Inventories held by businesses rose for a sixth straight month in June but sales declined for a second month in a row.
Inventories increased 0.3 percent in June, the Commerce Department reported Friday. But sales fell 0.6 percent following an even larger 1.2 percent sales decline in May.
The weakness in sales raises concerns about whether companies will continue boosting inventories. Inventory rebuilding had been an important source of strength driving the economic rebound.
Businesses had been rebuilding their inventories in recent months after slashing them aggressively during the recession. But if consumer demand weakens further, businesses could start cutting back. That would mean fewer orders to U.S. factories and weaker output for manufacturers.
The consecutive declines in sales in May and June followed 13 straight increases in total business sales. The June decrease reflected less demand for manufacturers, wholesalers and retailers. A separate report Friday showed that sales at the retail level rebounded in July but the strength was concentrated in higher demand for autos and gasoline.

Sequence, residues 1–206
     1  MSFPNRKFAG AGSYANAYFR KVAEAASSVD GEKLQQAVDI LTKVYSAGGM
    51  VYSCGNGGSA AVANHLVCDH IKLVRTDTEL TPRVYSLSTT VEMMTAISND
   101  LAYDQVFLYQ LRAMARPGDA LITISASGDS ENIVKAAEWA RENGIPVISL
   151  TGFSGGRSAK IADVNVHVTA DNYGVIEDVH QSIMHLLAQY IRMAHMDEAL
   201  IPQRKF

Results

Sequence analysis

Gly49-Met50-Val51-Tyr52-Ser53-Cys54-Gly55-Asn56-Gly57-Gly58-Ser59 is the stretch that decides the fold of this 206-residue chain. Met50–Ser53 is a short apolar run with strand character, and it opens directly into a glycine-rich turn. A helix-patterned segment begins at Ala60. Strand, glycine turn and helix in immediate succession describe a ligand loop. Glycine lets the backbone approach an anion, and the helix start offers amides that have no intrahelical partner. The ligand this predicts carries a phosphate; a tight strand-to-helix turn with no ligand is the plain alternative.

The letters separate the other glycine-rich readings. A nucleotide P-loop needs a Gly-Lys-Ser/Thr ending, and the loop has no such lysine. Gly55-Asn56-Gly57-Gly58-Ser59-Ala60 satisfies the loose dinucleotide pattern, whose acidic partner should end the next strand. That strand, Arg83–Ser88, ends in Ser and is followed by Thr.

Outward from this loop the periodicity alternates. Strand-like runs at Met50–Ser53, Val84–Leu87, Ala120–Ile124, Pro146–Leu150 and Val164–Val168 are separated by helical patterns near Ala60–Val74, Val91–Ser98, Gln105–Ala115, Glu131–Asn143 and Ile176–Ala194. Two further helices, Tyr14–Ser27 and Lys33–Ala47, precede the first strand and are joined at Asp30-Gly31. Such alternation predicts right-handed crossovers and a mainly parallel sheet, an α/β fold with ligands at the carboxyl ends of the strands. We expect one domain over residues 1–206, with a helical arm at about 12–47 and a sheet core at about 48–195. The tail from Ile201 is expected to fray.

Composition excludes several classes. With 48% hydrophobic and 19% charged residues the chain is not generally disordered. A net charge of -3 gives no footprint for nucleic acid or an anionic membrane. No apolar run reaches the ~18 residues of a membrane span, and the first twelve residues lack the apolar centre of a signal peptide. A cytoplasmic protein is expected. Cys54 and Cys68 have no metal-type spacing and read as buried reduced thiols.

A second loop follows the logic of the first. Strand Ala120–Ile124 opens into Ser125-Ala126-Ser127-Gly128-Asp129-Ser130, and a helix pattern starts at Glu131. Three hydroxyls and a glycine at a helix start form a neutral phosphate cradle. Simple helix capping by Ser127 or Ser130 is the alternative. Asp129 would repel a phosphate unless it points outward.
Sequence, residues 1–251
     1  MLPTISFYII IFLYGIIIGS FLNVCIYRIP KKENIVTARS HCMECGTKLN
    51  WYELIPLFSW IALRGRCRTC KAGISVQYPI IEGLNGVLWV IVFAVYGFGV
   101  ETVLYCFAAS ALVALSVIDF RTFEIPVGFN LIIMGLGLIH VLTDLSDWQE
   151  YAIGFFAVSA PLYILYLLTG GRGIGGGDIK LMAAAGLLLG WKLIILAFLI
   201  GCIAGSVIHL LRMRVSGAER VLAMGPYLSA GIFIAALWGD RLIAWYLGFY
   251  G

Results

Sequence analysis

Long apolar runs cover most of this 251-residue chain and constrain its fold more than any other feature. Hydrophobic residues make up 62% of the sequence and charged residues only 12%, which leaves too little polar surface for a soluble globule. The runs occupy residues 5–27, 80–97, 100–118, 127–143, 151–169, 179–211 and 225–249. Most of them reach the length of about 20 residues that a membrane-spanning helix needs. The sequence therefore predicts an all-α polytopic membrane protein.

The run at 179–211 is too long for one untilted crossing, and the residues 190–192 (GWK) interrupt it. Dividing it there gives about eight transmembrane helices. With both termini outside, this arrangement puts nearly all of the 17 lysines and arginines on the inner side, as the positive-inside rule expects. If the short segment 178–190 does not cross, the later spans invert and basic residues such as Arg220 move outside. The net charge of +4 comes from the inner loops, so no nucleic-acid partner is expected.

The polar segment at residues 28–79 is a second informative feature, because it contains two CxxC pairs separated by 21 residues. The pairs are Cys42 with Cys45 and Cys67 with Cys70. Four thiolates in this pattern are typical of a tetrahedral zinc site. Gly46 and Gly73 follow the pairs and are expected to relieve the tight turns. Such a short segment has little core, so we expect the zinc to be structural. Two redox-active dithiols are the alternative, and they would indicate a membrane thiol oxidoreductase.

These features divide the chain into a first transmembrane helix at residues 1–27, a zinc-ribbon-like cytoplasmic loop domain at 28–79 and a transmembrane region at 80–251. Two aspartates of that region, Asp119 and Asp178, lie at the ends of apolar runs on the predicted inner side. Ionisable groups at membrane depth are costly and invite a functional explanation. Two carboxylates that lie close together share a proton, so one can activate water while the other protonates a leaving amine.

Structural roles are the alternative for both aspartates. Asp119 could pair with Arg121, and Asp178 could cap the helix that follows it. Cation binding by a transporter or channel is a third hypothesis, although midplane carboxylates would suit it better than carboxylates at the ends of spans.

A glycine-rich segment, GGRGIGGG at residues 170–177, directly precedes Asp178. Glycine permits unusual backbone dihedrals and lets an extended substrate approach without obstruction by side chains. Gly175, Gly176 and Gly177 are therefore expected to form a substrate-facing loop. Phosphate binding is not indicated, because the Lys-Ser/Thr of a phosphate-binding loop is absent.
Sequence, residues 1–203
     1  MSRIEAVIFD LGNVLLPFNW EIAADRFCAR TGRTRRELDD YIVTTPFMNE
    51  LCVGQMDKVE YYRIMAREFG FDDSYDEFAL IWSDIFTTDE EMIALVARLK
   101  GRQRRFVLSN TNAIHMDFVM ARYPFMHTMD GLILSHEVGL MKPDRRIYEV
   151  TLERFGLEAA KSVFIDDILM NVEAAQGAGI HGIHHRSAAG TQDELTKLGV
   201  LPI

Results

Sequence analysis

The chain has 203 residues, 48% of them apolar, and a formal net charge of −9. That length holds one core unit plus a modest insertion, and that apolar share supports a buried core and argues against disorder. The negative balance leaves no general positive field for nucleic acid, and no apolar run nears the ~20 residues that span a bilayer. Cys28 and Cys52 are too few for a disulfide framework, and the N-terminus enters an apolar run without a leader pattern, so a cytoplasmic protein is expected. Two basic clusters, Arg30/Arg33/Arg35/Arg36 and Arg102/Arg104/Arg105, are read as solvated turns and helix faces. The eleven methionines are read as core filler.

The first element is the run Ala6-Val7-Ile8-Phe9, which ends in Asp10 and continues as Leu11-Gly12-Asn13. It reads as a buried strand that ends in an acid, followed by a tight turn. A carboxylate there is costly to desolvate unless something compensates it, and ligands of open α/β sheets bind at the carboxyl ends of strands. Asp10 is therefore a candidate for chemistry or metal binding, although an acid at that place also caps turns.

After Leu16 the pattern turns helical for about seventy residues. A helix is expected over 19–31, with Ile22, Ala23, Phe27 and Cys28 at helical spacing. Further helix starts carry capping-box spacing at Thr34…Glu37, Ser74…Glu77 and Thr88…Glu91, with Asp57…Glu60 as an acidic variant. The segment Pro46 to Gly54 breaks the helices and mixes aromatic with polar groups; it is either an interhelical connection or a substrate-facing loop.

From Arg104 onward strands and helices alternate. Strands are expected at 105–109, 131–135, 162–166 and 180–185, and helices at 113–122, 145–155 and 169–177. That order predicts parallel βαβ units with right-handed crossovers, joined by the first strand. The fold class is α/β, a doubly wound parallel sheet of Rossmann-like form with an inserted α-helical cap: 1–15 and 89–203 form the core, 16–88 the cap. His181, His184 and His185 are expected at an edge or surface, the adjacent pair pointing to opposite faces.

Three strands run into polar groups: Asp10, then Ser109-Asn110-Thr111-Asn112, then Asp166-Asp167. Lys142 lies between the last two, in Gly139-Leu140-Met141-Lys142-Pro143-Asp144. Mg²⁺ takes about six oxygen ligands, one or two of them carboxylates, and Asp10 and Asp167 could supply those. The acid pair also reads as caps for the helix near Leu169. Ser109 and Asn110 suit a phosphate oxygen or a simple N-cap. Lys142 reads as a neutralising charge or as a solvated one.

The 0.3 percent rise in inventories during June followed an increase of 0.2 percent in May. It reflected a rise in retail inventories of 0.8 percent and an increase of 0.1 percent in wholesale inventories. Stockpiles held by manufacturers slipped 0.1 percent in June.
The inventory to sales ratio edged up to 1.26 in June from 1.25 in May. That means it would take 1.26 months to exhaust inventories at the June sales pace.
That ratio had hit a high of 1.45 in early 2009 as businesses were caught with unwanted inventories during the recession. That prompted a massive liquidation of inventories through most of 2009 as businesses struggled to get costs under control.
When businesses began building up their inventories at the end of last year, that helped spur overall economic growth. The economy, as measured by the gross domestic product, grew at an annual rate of 5 percent in the final three months of 2009 with about half of that growth coming from a swing in inventories.
The GDP grew at a 3.7 percent rate in the first quarter of this year and a 2.4 percent rate in the April-to-June quarter. Inventories still contributed to the growth rates but by a smaller amount than at the end of last year.
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